SDC-36806- Period 3

For long, tourism was not taken seriously in academia. This has changed, and for good reasons. Not only has tourism grown into the biggest economic sector globally, it also has serious cultural, political, environmental and social consequences. For several decades now, tourism has become an important instrument to address socio-economic inequality and tries to reconcile this with ecological sustainability. This has led to a proliferation of different types of tourism that address this relationship in different ways, including pro-poor tourism, indigenous tourism, community-based tourism, ecotourism, responsible tourism, volunteer tourism, sustainable tourism and philanthrotourism. This course critically addresses the relationship between tourism and international development, exploring how this has changed and evolved over time.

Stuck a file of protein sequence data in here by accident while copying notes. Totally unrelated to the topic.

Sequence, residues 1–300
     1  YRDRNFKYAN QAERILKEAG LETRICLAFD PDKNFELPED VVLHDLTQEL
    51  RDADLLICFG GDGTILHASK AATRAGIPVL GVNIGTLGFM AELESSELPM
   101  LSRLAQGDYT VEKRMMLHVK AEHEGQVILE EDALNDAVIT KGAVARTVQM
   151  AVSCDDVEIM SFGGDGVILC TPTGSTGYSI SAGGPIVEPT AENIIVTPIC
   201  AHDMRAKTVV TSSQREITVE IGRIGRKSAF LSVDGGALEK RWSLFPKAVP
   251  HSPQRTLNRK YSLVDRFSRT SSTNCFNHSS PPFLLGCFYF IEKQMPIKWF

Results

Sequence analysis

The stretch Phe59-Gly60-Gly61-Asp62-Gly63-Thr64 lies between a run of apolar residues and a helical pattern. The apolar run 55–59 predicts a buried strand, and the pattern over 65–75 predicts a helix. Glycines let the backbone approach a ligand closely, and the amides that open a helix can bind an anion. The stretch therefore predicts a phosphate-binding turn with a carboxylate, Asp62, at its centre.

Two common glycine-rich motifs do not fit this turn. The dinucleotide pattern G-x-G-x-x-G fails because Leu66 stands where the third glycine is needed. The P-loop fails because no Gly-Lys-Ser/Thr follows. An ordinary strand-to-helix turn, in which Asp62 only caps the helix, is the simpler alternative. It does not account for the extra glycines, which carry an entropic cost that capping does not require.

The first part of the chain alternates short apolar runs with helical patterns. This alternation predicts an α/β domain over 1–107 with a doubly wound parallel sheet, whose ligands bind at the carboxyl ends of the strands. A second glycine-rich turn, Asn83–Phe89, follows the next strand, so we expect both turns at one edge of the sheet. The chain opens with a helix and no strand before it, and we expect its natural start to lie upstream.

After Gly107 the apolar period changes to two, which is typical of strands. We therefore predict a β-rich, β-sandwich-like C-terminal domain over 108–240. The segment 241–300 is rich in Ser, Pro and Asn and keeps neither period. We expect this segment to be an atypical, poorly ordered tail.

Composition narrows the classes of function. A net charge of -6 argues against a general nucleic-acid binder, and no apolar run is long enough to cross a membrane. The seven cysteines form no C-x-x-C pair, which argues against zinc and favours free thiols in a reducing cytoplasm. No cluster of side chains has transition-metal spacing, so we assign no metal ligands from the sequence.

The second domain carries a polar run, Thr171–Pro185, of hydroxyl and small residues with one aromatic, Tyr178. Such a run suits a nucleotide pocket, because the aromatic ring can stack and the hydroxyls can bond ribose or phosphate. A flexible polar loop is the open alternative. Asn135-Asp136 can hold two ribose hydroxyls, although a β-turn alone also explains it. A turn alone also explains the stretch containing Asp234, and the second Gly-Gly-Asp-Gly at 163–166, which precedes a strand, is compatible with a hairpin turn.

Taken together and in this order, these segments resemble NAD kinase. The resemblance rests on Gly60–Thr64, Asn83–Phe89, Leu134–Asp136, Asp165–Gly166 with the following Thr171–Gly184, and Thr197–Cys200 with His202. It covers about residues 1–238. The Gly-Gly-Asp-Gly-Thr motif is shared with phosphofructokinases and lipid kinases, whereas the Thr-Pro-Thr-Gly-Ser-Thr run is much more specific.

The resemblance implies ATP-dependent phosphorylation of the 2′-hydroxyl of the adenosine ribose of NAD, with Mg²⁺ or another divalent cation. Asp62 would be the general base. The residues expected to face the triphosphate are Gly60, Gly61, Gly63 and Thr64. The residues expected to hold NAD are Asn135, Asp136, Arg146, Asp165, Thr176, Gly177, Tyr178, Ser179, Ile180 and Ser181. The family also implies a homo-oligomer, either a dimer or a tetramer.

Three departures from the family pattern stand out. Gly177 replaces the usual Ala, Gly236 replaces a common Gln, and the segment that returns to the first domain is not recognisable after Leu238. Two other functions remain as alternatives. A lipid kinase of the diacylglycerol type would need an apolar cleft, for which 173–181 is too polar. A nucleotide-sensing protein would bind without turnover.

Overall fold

Using a variety of theoretical approaches, central themes in the course (period 3) are the connections between tourism and (1) migration (e.g. in the Mediterranean, empty villages); (2) labour, gender and race; (3) nature (e.g. consumptive and non-consumptive tourism); (4) livelihood diversification; (5) culture and authenticity; (6) (over)tourism and urbanization; (7) colonialism; (8) capitalism; (9) philanthropy and (10) disasters and adaptivity (e.g. COVID-19).

For more information you can email Dr. Stasja Koot:


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